A Mortal Glamour
Chelsea Quinn Yarbro
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Buy *A Mortal Glamour* by Chelsea Quinn Yarbro

A Mortal Glamour
Chelsea Quinn Yarbro
Juno Books
368 pages
February 2007
rated 4 1/2 of 5 possible stars

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Something is definitely not right at the convent la Tres Saunte Annunciation. Chelsea Quinn Yarbro’s restored and uncut A Mortal Glamour brings to life the plight and horrors that the good nuns of a fourteenth-century convent in France experience when one of their order, Seur Aungelique, succumbs to an all-too-human lust. Her apparent madness passes from nun to nun in an epidemic that’s potentially as bad for their eternal souls as the recurring Plague is for the populace at large. What is behind the strange behavior of the nuns? Is it pride, lust, tainted rye bread, a mass hysteria that spreads like wildfire; or, is it just possible that Satanic forces are responsible?

Yarbro also examines the Catholic Church’s outlook on the nature of men, women, and sex. Women are, in the eyes of the Church, fallen creatures, condemned to repeat the Original Sin of Eve. The only way they can come to redemption is through chastity and the confession of their sins on a regular basis. If all else fails, there’s always fasting, scourging, torturing, and, ultimately, burning at the stake for the sake of saving one’s immortal soul from the pits of Hell. Yarbro depicts the era with an expert’s eye for detail, an time when the options for women were often limited to either entering a convent or becoming a courtesan.

Seur Aungelique is at the convent at the demand of her father, who has given her the choice of either consenting to a marriage he has proposed or to enter a convent. She knows in her heart and soul that God has not called her to be a nun, but she doesn’t want to marry the man whom her father has chosen for her, an old hunchback who fills her with disgust. However, to the new Mother Superior, there can be no other course of action but that of submitting to God’s Will:

“There are no plans but those of God. There is no life but acquiescence in His Will, and those who spend their lives attempting to subvert His Will are worse than fools.”
A Mortal Glamour is a powerful tale of people torn between living the lives of saints or giving in to the desires that we all experience, that make us human. The problem is that giving in to one’s desires can mean turning away from God and His plan, which can also doom our souls. Seur Aungelique wants to know what it feels like to love, to lust, to have sex, so she runs away to try to find sanctuary at Un Noveautie, the establishment of the most accomplished courtesan is France, la Comtesse Orienne de Hautlimois. Though Orienne sympathizes with her plight, she’s afraid that aiding Seur Aungelique might provoke the ire of Aungelique’s father and cause the Church to crack down on her:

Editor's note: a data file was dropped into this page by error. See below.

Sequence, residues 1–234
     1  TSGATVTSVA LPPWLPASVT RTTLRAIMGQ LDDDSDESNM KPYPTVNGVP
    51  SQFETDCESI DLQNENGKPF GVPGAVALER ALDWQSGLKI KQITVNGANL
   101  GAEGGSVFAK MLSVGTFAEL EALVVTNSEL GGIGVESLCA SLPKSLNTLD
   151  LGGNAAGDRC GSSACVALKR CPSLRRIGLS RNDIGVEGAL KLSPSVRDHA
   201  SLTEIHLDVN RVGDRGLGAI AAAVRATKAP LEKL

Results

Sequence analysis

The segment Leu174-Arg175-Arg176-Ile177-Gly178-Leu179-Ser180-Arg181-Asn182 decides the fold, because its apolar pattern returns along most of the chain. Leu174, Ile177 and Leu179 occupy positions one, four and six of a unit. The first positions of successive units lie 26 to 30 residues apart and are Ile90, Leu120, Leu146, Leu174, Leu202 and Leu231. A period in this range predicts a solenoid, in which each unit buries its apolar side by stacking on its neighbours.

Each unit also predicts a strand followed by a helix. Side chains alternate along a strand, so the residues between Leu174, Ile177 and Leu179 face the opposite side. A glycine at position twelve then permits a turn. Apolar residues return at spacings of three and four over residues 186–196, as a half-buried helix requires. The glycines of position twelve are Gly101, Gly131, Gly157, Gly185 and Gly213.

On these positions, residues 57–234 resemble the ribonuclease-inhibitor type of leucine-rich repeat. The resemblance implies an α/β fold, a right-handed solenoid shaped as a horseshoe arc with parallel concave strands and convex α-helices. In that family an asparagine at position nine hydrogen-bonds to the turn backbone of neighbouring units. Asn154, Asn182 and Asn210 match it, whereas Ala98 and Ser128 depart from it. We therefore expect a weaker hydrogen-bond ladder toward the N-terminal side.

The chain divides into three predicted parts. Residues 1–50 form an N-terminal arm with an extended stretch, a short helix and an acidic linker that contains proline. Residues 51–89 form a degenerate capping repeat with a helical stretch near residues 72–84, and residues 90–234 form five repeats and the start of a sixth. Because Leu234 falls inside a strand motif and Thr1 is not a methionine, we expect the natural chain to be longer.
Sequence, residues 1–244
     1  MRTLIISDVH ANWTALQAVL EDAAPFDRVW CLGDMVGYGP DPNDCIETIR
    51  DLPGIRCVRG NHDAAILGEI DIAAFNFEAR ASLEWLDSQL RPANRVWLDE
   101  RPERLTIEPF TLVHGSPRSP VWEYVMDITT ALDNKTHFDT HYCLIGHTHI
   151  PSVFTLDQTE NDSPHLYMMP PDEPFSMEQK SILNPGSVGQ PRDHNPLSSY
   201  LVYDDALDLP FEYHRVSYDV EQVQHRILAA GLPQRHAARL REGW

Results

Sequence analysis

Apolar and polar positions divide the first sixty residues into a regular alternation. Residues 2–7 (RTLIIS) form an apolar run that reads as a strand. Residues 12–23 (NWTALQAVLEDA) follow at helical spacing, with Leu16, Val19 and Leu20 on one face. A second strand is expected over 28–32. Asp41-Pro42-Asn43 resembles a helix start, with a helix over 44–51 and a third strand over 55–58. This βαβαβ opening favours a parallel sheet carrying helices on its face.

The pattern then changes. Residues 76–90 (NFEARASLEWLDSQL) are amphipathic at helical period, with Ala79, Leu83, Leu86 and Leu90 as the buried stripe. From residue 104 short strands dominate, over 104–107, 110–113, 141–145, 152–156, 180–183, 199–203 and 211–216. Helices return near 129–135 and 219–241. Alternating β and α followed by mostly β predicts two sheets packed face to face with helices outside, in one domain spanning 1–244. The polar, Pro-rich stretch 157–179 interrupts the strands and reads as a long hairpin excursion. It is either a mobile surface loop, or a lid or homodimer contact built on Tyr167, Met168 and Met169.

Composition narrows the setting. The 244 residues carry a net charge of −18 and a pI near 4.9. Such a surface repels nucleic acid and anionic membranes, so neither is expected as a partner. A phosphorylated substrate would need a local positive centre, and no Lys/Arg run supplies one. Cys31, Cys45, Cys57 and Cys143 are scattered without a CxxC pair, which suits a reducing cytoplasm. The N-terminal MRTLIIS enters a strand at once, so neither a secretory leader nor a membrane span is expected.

“For the time being, the Church ignores me officially, and that suits me very well. But if your father should insist that the letter of the law be served against me, then I will find myself in prison or worse, and you, ma Freree, would still have to go back to your convent.”
Rejected for the time being by Orienne and unable to get her cousin Pierre to take her away from the life of the convent by marrying her, she reluctantly goes back to the convent and the punishment that awaits her. Even days of fasting and performing vigils lying naked and prostrate before the altar do not quell the ardor of her desires, nor does her use of the scourge on her flesh. Not even Peree Guibert and Padre Bartolimieu’s efforts to hear her confessions and those of the other nuns are of any avail. Could the words of the mad Sister Seur Margueritte be true when she tells another nun, Seur Catant,
“The Devil has come here, and nothing is the same. I have seen him, fair as an angel, and he comes with ease to us, and we...he is like the Plague. One moment all is thriving and well, and the next all has sickened and in time it will fade and die. That is the way of the Devil.”
When Seur Aungelique screams out in the nights in her cell, claiming to have been visited by a demon in the form of a man to whom she’s taken a fancy since seeing him at Un Noveautie, a nobleman named Thibault, is she only dreaming? Is her behavior and that of the other nuns the result of the sexual repression of the era and a need to release long pent-up desires? Are the visitations of Thibault to the convent at night a product only of her wishes and dreams, or could it be that there really is a demon tempting and tormenting the nuns in an attempt to gain their souls? In the stirring and haunting A Mortal Glamour, Yarbro (perhaps best known as the creator of the heroic vampire Count Saint-Germain) has written a compelling look at the lives and lusts of fourteenth-century nuns struggling with the temptations of the flesh, a tale that will stay with you long after you put the book down.

Originally published on Curled Up With A Good Book at www.curledup.com. © Douglas R. Cobb, 2007

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